Every transportation service is coming up with apps so customers can track their busses and trains to better plan their trips. Unfortunately, delays and construction still plague the public transportation systems and are still not as reliable as it could be. Difficulty hailing cabs, in addition to their prices, have turned many away from using taxis. Having access to a ride at a moment’s notice is something that had not been perfected. Then, four years ago, Uber came along.
Bret Swanson, president of Entropy Economics LLC, recently joined our Jim Lakely, on The Heartland Daily Podcast to discuss Uber. He explained how Uber taps into the transportation market by offering drivers to people looking for a ride. The app gives customers access to Uber drivers in the area who can come pick up and drive them wherever they need to go.
Uber drivers who are online will show up on maps of customers and Uber will connect you with the closest driver. Riders have the choice of a Uber SUV, sedan, black car, or even regular taxi cab. Unlike with taxis, customers do not need to worry about cash or credit cards because payment is all taken care of through the app. Customers can also request a quote prior to requesting a ride or split their fare with a friend, all through the app. The best part of Uber: its about 50 percent cheaper than taxi cabs.
Uber was launched in San Francisco and in four years, it has expanded to not only 72 cities in the United States, but 39 countries. The company has also become wildly popular with investors, is now valued at $18.2 billion. Last summer, Uber even launched a service to request ice cream trucks in a select number of cities. Despite its popularity, the company is constantly offering discounts and promotions to continue to encourage people not only to get the app but actually use the service. Uber’s approach provides safe, convenient and cheaper options for everyone. However, there is one party that would disaggree: taxi cab drivers.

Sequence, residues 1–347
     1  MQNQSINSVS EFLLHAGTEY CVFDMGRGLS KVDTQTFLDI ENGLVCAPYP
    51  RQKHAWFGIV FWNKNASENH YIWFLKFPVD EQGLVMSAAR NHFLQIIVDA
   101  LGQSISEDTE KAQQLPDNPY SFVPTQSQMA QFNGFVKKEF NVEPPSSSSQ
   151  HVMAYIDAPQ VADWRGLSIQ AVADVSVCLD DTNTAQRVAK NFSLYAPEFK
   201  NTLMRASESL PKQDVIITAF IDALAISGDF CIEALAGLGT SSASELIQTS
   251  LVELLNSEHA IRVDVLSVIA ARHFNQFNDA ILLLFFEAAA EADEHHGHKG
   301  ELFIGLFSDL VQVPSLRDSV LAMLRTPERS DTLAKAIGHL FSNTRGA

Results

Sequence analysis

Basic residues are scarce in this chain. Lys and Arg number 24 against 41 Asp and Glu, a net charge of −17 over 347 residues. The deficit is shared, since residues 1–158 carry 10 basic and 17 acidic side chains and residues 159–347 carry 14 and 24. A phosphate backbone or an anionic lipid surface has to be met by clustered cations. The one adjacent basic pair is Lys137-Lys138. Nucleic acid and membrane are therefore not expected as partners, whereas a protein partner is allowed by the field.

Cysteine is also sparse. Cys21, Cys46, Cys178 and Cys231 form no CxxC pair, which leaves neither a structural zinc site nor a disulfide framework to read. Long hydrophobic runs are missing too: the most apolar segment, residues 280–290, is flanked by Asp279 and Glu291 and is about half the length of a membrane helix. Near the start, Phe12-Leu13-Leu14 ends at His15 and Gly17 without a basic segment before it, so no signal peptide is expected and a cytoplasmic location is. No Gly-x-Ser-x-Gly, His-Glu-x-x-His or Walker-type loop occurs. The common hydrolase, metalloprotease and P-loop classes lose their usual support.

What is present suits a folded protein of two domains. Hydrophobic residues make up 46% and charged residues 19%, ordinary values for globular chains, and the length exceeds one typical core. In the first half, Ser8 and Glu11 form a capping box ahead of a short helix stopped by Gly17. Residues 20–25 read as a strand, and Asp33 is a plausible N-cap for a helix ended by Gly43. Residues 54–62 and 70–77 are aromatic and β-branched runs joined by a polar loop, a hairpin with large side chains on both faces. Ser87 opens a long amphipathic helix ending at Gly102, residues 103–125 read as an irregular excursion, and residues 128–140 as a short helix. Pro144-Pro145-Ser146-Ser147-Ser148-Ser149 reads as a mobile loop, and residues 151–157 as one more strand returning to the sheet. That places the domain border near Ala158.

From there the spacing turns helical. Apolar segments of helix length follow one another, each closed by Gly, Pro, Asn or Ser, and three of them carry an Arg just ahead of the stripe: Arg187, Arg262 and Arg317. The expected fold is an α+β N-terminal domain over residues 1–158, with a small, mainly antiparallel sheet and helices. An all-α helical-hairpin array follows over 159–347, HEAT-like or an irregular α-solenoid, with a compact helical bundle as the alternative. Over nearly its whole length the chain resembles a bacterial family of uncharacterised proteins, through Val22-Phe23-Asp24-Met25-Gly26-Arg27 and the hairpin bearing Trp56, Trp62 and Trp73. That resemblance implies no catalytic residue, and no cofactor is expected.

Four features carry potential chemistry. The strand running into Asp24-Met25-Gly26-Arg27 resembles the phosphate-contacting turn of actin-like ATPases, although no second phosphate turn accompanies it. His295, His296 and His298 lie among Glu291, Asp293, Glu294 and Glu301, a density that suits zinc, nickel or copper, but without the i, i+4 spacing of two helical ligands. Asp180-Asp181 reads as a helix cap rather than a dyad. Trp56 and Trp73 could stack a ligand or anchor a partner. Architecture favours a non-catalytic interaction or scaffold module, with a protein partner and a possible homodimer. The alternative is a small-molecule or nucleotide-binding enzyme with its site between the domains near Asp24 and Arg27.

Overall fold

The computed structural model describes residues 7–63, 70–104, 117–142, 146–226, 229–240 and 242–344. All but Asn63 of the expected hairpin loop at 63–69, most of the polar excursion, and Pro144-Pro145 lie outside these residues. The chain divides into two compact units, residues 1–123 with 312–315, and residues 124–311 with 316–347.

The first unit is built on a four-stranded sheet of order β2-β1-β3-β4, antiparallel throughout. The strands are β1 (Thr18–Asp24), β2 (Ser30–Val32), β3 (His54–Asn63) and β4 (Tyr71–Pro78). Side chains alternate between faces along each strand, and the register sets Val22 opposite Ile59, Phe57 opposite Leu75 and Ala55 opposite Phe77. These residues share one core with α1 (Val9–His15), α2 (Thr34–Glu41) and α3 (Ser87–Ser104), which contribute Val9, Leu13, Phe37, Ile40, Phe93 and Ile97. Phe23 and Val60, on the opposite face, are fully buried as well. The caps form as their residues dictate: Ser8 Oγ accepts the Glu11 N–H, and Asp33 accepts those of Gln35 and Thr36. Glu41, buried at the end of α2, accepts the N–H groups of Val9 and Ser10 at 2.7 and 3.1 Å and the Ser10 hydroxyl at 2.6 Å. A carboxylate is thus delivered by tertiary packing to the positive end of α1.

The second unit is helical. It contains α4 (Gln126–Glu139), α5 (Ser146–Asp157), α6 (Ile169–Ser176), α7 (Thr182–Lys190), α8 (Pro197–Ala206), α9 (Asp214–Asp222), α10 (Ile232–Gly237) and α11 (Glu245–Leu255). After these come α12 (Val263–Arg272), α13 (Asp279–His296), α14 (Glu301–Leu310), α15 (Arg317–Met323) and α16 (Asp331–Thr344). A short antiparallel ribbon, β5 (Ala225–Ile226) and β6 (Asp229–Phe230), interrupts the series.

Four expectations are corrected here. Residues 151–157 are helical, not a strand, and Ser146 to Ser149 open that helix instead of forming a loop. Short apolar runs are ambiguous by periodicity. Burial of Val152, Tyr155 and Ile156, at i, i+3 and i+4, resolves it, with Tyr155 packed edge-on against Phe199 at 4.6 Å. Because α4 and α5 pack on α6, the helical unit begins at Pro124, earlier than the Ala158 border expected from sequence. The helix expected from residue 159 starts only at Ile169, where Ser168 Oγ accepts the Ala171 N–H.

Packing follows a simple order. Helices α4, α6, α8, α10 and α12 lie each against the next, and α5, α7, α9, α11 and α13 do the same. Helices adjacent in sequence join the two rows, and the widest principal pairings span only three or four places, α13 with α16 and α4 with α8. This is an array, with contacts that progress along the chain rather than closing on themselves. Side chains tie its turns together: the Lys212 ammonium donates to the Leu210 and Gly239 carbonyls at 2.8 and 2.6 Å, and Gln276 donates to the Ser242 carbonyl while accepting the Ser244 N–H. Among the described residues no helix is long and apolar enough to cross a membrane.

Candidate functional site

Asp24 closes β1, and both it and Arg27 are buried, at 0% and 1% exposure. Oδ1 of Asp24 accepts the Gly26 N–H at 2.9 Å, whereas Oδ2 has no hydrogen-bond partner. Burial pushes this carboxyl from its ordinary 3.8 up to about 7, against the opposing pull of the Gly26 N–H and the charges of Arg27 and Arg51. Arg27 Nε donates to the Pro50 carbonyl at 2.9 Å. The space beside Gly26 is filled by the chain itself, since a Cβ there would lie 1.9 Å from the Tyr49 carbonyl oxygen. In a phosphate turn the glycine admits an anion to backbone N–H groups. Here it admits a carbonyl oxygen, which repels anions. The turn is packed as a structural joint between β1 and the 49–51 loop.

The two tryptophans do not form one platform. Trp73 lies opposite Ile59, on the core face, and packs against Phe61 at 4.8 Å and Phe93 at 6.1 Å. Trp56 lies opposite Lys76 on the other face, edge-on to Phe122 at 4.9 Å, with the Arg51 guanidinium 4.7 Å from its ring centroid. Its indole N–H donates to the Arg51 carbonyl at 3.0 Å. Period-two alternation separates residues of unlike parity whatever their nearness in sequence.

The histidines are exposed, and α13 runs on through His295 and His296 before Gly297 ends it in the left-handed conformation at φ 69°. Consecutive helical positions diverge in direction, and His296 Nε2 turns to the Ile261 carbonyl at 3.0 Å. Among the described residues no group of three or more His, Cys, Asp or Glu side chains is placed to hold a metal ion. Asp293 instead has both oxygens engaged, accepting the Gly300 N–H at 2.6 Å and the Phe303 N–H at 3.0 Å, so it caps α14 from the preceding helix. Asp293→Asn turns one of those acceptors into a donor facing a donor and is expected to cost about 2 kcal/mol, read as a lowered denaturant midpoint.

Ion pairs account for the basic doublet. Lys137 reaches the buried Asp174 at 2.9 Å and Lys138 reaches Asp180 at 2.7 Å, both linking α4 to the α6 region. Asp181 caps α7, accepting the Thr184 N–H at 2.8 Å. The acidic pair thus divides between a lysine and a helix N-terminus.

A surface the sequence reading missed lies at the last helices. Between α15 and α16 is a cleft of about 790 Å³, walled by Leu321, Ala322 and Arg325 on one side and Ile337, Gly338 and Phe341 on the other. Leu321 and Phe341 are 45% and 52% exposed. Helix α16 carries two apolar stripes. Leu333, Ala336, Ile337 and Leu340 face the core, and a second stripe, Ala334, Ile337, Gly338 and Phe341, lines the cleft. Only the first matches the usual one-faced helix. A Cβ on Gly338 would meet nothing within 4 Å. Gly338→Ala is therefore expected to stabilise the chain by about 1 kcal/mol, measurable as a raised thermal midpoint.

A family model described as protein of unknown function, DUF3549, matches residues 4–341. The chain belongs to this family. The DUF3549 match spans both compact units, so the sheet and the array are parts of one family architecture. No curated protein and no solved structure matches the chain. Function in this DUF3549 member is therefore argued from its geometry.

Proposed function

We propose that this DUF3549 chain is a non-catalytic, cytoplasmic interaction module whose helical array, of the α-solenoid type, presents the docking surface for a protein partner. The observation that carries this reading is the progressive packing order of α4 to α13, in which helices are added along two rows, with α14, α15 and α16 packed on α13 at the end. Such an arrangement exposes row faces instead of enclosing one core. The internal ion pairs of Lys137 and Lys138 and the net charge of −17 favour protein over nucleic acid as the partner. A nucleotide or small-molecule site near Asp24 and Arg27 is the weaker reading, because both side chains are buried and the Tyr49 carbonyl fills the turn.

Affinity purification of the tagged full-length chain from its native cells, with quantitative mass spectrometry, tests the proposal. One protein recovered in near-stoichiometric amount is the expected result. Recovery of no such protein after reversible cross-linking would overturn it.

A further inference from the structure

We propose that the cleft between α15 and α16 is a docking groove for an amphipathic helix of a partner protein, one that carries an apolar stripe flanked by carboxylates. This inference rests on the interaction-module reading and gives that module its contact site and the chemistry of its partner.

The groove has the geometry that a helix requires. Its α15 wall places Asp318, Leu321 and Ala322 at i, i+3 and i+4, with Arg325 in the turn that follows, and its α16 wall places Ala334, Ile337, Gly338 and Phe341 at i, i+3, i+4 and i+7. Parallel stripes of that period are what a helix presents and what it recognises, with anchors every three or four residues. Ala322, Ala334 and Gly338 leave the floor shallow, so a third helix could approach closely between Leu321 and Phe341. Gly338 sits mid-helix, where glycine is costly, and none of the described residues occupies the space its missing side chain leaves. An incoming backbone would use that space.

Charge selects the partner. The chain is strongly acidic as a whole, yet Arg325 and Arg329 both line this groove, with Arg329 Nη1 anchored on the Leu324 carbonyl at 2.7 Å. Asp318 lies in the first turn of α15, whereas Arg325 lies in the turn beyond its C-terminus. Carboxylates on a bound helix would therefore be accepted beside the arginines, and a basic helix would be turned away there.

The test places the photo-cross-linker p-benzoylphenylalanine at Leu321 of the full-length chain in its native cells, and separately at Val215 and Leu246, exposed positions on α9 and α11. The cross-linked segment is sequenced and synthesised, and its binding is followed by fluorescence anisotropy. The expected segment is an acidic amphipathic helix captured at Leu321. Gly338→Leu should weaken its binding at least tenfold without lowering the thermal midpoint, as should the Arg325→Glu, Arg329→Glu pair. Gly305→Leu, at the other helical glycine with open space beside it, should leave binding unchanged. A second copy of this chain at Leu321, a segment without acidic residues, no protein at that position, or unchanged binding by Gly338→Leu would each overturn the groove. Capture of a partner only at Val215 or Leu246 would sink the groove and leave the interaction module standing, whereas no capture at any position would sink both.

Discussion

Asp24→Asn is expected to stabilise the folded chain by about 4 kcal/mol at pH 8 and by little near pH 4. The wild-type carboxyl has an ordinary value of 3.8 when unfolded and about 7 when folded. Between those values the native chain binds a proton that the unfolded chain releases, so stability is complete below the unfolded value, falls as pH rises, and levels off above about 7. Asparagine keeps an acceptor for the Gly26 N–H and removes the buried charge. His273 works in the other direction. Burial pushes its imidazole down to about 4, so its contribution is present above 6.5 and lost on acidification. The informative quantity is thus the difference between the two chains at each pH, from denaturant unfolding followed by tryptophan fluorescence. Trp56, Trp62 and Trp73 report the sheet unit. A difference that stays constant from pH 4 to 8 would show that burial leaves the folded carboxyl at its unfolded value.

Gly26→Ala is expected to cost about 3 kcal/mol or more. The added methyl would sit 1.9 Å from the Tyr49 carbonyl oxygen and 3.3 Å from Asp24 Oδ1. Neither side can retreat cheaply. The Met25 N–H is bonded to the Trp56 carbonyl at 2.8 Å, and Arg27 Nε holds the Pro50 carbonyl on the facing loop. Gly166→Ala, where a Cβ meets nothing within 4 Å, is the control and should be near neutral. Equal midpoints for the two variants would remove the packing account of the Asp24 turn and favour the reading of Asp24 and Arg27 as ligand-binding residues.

Taxi drivers all over the country have staged protests against Uber, arguing that their fares should be the same as those of taxis. Though Uber allows customers to request taxis through the app, most opt to select an Uber vehicle instead. Uber’s fares are calculated on a basic supply-and-demand algorithm. The more demand for drivers rises during the day, the more prices go up. Uber surcharges, but not always at rush-hour times like taxi cabs do. Some days you may only have to pay an extra 5 percent during rush hour, but have to pay an extra 25 percent at 2 p.m. The whole system utilizes the free market and weighs the value of each ride by how in demand it is at the time.
Listen to the podcast in the player above.